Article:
1st Edition

Occupational Hygiene Management Guide

By Shirley K. Jones Copyright 1990

    Applicable worldwide, this valuable guide will enable you to develop, implement, and maintain the effective occupational health programs for your company needs. Authored by four experts responsible for environment, health, and safety at different General Electric businesses, it can help you avoid costly business as well as personal liabilities resulting from occupational health problems. This book describes the hazard recognition and control procedures essential to employee preventive health programs. Details the auditing and measurements process, and outlines the procedures necessary to monitor and ensure total effectiveness of your program, both immediate and long-term. A prime feature is the 1989-1990 TLVs (Threshold Limit Values) and BEIs (Biological Exposure Indices) published with permission of the American Conference of Governmental Industrial Hygienists.

    PROGRAM OVERVIEW. Purpose. Scope. Responsibility. Management Function Responsibility Chart. Sample Policy and Procedure. PROGRAM GUIDELINES AND RECOMMENDATION PRACTICES. Administration. Recognition. Exposure Assessments Hazard Reduction Procedures. Hazard Communication. Training. Recordkeeping. Use of Support Laboratories/Consultants. AUDITING AND MEASUREMENT. Auditing and Measurement Procedures. Occupational Illness Experience. Organization and Procedures. Hazard Identification and Control. Training and Communications. APPENDICES. Typical Program Elements. Chemical and Physical Agents - Description and Source. Toxicology. Threshold Limit Values and Biological Exposure Indices - 1989-1990. Recommended Reference Materials. Glossary.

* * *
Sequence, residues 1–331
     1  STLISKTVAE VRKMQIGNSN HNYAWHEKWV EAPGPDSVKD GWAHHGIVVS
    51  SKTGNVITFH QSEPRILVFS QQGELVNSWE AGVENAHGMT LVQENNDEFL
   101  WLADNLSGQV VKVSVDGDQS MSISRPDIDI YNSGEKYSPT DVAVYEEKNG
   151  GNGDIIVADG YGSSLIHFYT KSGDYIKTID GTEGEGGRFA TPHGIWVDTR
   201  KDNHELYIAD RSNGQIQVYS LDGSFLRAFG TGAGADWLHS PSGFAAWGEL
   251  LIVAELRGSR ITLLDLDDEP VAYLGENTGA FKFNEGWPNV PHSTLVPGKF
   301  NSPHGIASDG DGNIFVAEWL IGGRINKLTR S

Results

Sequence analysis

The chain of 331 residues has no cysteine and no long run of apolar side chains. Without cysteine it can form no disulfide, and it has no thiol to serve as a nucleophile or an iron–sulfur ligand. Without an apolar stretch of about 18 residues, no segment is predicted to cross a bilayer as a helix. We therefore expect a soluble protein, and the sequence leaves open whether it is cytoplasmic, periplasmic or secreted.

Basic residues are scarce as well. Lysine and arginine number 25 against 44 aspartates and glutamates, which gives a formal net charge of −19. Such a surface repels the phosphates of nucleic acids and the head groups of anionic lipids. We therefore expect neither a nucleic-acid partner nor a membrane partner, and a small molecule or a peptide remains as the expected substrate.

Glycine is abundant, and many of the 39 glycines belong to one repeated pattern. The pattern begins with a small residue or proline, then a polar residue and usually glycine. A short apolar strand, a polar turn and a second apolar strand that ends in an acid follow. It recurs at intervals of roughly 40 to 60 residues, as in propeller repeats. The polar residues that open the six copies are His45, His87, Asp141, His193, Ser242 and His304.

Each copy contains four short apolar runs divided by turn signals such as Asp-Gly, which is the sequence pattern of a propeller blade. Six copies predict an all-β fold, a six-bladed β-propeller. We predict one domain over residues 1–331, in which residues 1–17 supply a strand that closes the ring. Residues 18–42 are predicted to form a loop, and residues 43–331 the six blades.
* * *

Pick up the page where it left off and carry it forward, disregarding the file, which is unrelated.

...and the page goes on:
Stanley E. Jones is currently Corporate Program Manager of Industrial Hygiene for General Elec­tric Company in Fairfield, Connecticut. He is responsible for monitoring and supporting the development and operation of effective occupa­tional hygiene programs throughout General Electric's worldwide operations and providing technical assistance to company management and health professionals through the processes of review, con­sultation, recommendation, liaison and representation, and pro­gram appraisal. Born and educated in England, Mr. Jones majored in electrical engineering at a local technical college. He began his career with Imperial Chemical Industries, with responsibilities allied to the maintenance, construction, and commissioning of chemical and petrochemical plants. After com­ing to the United States in 1965, he accepted a position with The Budd Company in its Detroit Automotive Division. Since joining General Electric Company in 1966, his positions have included Manager of Health and Safety Assurance for General Electric's Engineered Materials Group (six specialty chemical businesses); Manager of Health, Safety and Environmental En­gineering; and Specialist in Safety and Environmental Engineer­ing for the Metallurgical Division. In these positions, Mr. Jones was responsible for the design, implementation, and overall ef­fectiveness of industrial hygiene, safety, and environmental pro­tection programs and regulatory compliance for as many as 35 U.S. and worldwide manufacturing operations.